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Bold Software plans to bring text message tracking to its customer service software
The update also introduces a new way to monitor and prioritize conversations with customers.
Live chat software vendor Bold Software LLC says the next update to its customer-interaction management software will include a feature that enables retailers to respond to short messaging service texts sent by consumers. The update will also offer several features that aim to help retailers better manage conversations with customers—regardless of how those consumers communicate with the customer service agent. Bold plans to announce the update next week at the Internet Retailer Conference & Exhibition 2011 in San Diego.
The SMS management feature enables a customer service or sales representative to exchange texts with a prospective customer, says Ross Haskell, Bold vice president of marketing. That’s particularly useful as many consumers increasingly prefer texting to sending an e-mail or engaging in a live chat. Bold’s software also manages live chats and e-mail exchanges.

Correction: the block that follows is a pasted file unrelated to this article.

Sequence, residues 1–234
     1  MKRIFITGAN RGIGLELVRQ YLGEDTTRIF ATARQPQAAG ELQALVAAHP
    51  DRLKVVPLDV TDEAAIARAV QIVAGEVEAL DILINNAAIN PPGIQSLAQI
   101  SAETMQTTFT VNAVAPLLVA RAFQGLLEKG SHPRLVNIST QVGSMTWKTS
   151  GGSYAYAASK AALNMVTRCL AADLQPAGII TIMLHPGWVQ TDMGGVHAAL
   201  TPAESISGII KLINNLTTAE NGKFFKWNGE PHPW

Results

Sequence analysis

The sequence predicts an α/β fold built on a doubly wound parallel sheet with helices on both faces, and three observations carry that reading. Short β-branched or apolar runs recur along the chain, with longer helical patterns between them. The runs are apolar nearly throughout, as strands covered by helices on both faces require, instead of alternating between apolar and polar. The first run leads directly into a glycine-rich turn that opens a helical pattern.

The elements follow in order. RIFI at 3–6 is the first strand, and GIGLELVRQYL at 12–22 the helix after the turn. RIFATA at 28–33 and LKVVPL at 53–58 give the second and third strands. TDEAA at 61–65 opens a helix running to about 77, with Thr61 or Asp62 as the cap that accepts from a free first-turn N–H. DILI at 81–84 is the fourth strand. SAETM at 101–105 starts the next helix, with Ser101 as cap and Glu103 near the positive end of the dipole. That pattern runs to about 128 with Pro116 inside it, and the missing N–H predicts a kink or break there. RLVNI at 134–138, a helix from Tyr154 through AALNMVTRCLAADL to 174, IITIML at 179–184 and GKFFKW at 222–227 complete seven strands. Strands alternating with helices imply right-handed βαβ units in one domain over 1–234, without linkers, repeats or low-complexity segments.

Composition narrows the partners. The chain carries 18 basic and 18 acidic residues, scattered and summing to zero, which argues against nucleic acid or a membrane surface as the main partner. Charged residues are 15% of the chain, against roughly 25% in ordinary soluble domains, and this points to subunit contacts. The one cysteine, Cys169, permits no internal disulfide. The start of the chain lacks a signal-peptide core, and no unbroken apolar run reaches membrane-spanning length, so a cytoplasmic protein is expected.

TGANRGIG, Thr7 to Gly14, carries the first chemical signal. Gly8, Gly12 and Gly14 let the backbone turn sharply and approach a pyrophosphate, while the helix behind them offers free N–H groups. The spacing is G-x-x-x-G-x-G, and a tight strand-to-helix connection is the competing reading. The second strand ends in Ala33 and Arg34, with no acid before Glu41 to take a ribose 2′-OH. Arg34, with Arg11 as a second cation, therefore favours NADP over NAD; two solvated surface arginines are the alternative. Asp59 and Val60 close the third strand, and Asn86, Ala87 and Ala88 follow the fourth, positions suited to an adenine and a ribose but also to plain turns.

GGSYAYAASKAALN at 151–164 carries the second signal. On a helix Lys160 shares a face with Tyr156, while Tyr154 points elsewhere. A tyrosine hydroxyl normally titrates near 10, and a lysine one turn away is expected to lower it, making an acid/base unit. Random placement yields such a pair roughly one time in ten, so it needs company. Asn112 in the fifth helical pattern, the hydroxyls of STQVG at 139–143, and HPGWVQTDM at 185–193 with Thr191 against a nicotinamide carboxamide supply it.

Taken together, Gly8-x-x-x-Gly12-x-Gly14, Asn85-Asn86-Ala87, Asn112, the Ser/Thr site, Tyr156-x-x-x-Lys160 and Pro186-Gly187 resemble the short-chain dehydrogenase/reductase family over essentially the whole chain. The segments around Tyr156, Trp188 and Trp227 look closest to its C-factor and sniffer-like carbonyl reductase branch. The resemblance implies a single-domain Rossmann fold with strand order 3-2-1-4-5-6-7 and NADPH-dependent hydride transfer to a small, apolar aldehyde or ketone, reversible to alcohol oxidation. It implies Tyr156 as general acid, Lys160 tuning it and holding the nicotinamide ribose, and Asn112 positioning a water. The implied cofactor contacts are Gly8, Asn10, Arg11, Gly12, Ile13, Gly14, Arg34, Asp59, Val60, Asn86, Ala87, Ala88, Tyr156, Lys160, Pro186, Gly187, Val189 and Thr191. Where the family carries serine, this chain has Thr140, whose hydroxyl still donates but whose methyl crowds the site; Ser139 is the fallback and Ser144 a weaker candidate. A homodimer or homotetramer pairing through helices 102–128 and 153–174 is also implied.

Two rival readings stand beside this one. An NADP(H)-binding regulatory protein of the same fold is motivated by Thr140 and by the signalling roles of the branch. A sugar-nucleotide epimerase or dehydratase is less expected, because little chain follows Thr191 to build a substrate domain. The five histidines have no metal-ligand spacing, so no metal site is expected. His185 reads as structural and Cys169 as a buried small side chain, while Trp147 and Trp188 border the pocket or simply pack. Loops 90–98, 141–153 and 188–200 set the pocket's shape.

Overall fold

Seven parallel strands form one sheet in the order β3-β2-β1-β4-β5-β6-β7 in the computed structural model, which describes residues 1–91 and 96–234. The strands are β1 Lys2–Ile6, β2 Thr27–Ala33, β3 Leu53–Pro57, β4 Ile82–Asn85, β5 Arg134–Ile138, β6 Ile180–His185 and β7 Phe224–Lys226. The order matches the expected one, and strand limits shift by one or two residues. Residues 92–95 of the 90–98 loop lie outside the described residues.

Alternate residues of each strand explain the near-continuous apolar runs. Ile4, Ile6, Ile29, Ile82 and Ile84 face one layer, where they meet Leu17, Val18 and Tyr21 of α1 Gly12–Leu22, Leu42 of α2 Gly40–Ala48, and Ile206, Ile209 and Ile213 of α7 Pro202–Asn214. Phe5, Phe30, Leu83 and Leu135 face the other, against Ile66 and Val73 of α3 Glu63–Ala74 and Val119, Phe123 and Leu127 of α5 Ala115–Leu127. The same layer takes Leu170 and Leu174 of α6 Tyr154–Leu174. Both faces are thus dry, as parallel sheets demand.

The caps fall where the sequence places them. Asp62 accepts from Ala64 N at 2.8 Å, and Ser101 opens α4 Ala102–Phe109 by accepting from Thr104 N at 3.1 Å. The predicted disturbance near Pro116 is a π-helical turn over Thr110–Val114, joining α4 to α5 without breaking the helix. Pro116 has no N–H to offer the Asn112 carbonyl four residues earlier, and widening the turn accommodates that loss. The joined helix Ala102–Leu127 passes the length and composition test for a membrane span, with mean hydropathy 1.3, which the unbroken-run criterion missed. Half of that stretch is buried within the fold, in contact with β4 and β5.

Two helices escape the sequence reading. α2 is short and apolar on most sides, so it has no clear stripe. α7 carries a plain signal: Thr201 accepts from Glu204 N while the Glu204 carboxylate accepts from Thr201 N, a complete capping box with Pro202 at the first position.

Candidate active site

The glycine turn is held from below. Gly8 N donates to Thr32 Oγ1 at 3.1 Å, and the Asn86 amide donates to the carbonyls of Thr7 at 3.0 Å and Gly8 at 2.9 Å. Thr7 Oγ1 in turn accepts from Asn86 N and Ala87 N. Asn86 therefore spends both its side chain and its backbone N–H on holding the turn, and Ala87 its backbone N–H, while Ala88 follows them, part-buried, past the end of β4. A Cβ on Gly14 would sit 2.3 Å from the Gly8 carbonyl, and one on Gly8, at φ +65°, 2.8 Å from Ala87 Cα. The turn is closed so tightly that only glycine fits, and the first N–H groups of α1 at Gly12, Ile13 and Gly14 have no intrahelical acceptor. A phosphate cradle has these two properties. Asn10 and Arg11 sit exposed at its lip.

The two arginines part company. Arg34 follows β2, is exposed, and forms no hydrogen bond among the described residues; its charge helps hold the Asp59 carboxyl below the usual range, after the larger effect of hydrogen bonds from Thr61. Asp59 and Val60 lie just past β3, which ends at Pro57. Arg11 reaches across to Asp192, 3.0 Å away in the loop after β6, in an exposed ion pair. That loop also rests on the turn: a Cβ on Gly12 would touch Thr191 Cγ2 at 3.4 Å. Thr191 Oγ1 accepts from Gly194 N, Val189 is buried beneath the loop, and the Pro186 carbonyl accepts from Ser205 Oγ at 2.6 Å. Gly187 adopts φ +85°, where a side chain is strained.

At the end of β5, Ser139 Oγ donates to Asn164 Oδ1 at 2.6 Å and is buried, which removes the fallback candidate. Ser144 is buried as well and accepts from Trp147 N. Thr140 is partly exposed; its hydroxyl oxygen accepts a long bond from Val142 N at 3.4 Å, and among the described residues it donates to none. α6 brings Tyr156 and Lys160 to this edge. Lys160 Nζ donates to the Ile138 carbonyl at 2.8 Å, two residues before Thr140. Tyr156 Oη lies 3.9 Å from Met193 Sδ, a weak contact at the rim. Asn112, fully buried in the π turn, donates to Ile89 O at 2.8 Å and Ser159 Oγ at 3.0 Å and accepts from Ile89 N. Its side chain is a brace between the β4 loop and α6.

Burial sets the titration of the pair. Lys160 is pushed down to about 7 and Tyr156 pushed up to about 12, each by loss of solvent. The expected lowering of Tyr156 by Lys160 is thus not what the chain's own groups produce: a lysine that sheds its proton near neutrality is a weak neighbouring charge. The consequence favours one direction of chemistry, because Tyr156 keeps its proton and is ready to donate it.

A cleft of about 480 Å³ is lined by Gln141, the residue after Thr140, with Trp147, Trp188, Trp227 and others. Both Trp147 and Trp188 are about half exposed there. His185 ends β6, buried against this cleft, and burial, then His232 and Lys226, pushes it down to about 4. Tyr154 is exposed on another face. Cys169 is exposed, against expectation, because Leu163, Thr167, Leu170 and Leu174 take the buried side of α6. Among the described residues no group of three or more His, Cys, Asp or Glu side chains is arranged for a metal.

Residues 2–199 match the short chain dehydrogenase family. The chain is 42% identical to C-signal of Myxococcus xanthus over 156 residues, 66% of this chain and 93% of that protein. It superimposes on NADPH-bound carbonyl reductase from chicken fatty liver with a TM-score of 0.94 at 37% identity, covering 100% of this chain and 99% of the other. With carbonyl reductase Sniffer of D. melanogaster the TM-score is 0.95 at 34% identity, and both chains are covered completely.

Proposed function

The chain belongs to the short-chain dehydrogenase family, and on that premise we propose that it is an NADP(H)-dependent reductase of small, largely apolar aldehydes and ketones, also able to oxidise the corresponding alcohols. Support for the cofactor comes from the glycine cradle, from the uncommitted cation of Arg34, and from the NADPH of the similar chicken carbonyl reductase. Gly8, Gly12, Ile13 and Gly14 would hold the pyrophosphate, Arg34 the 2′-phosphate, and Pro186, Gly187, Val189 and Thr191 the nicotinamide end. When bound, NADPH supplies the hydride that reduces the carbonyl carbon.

The offering also allows retailers to use multiple phone numbers to receive incoming text messages. For example, a company can select one number to be used only if a consumer is requesting a coupon. A different number can be used for another purpose, such as checking an order status or communicating a problem with a product, Haskell says. That enables a retailer to route the incoming message to the appropriate employee for resolution.
To manage all of these communications, Bold revised its Workspace user interface so agents can see all of the messages, regardless of their form, in one window, Haskell says.
Workspace includes a small window that lists messages in order of priority Bold’s software grants text messages the top priority, followed by chats then e-mail messages, Haskell says. The prioritization criteria is complex and has to do with when the message was created, what action is currently required and other factors, Haskell says. Bold’s software manages the message queue and ranks the incoming messages, but the company using the software also can set its own criteria for ranking messages, Haskell says. An agent can either click on the top item to respond to it or click a Next Item button to retrieve it. A larger window within Workspace is the primary area for the agent to respond to inbound inquiries.
“This will increase an agent’s ability to handle more work with the same amount of time,” Haskell says. “It enables them to do more than one thing at a time.”